(59) The rediscovery of the pneumatological dimension of ecumenical dialogue became explicit in the 7th assembly of the World Council of Churches in Canberra, 1991, on the theme "Come, Holy Spirit, Renew the Whole Creation", followed by the World Mission Conference in Athens, 2005, with the motto "Come, Holy Spirit, Heal and Reconcile" and various ecumenical publications.
(60) Brandt, Hermann, Ende der Geistvergessenheit. Das Thema der Vollversammlung des Okumenischen Rates der Kirchen als pneumatologisches Signal--mit einem Ruckblick auf [much less than]Canberra[much greater than], in: ZThK 33, 4 (1991), pp. 496-525.
(61) Welker, Michael, Gottes Geist. Theologic des Heiligen Geistes, Neukirchen-Vlyun: Neukirchener 1992, 11 (English: God the Spirit, Augsburg Fortress 1994) (Translation here: CJ).
(62) Welker (1992), p.33 (Translation: CJ).
(63) See Best, Thomas (ed.), On the Way to Fuller Koinonia: Official Report of the Fifth World Conference of Faith and Order, Geneva: WCC Publications 1994.
(64) Van Beek, Huibert (ed.), A Handbook of Churches and Councils. Profiles of Ecumenical Relationships, Geneva: WCC 2006, p. 15.
(65) Van Beek (2006), p.15.
(66) Final Report of the Special Commission on Orthodox Participation in the WCC. (http://www.oikoumene.org/en/reources/documents/assembly/porto-alegre-2006/ 3-preparatory-and-backgrond-documents/final-report-of-the-special-commision -on-orthodox-participation-in-the-wcc.html;11/06).
(67) Synaxis is the Greek word for "gathering"; at the World Mission Conference in Athens the term "synaxeis" was used to signify "marketplaces of ideas and experience".
(68) Mutirao is a Portuguese word and means a place to gather and to do communal work together; in Porto Alegre the term signified places for the sharing of thoughts, ideas, to celebrate and for expositions.
(69) Granberg-Michaelson, Wesley, The Future of Ecumenism in the 21st Century. October 21, 2005, Symposium hosted by His Holiness, Aram I (http://www.oikoumene.org/index.php?id=1426&L=2%09%C2%9Dj%C3%88; 11/06)._
(70) Nancy, Jean-Luc, Sharing Voices, in: Omiston, Gayle L./Schrift, Alan D. (eds.), Transforming the Hermeneutic Context: From Nietzsche to Nancy, Albany: SUNY Press 1990, pp.211-259, 248.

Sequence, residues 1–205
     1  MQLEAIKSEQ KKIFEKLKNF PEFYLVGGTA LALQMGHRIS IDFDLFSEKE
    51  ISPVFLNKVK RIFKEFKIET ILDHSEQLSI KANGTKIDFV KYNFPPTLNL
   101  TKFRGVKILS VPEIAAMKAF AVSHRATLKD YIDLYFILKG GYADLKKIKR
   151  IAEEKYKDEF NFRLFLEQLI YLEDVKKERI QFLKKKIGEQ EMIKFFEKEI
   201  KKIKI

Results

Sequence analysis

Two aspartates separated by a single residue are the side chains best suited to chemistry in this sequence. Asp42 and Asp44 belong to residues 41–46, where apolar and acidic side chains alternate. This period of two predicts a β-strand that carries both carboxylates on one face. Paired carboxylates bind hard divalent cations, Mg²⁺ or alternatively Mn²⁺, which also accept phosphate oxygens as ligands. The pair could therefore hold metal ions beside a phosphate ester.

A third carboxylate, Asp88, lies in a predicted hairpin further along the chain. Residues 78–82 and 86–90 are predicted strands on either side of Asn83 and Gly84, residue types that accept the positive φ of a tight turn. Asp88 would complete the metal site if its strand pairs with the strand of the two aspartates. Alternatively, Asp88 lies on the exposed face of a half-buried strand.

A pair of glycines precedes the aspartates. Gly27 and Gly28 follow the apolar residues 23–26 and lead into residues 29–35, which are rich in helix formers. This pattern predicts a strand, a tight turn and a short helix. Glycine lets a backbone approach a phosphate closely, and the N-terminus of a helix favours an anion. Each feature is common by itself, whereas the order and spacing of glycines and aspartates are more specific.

(71) Bachmann-Medick (2006), pp.16-19.
(72) See Benhabib, Seyla, The Generalized and the Concrete Other: The Kohlberg-Gilligan Controversy and Feminist Theory, in: Praxis International 6 (1986), pp. 38-60.
(73) Welsch (2005), p.334.
(74) The origins of the word "vernacular" lie in the term "verna" which etymologically denotes the language of slaves in Roman republics.
(75) Bhabha, Homi K., Unsatisfied: Notes on Vernacular Cosmopolitanism, in: Garcia-Moreno, Laura/Pfeiffer, Peter C. (eds.), Text and Nation: Cross-Disciplinary Essays on Cultural and National identities, Columbia: Camden House 1996, pp. 191-207.
(76) Werbner, Pnina, Vernacular Cosmopolitanism, in: Theory Culture Society 23, 2006, pp. 496-498.
(77) Bhabha (1996), 195, quoting Appiah, Anthony, Loyalty to Humanity, in: Boston Review XIX.5 (Oct./Nov. 1994); see also: Sennett, Richard, Christian Cosmopolitanism, Boston Review XIX.5 (Oct./Nov. 1994).
(78) See Breckenridge, Carol A./Pollock, Sheldon/Bhabha, Homi/Chakrabarty, Dipesh (eds.), Cosmopolitanism, Duke: Duke University Press 2002.
(79) See Ward, Kevin, Mission Studies in Leeds, in: British Association for Mission Studies 1996, 2, quoted in Gerlof, Roswith, Editorial, in: International Review of Mission 89/354, 2000, pp. 275-280, 278.
Dr Claudia Jahnel was born and brought up in Daresallam, Tanzania. She now lives in Germany where she was a lecturer at the University of Erlangen's Mission and Religious Studies department. She has been head of Mission Eine Welt's intercultural and formation programme since May 2008.
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|Publication:||The Ecumenical Review|
|Article Type:||Viewpoint essay|
|Date:||Oct 1, 2008|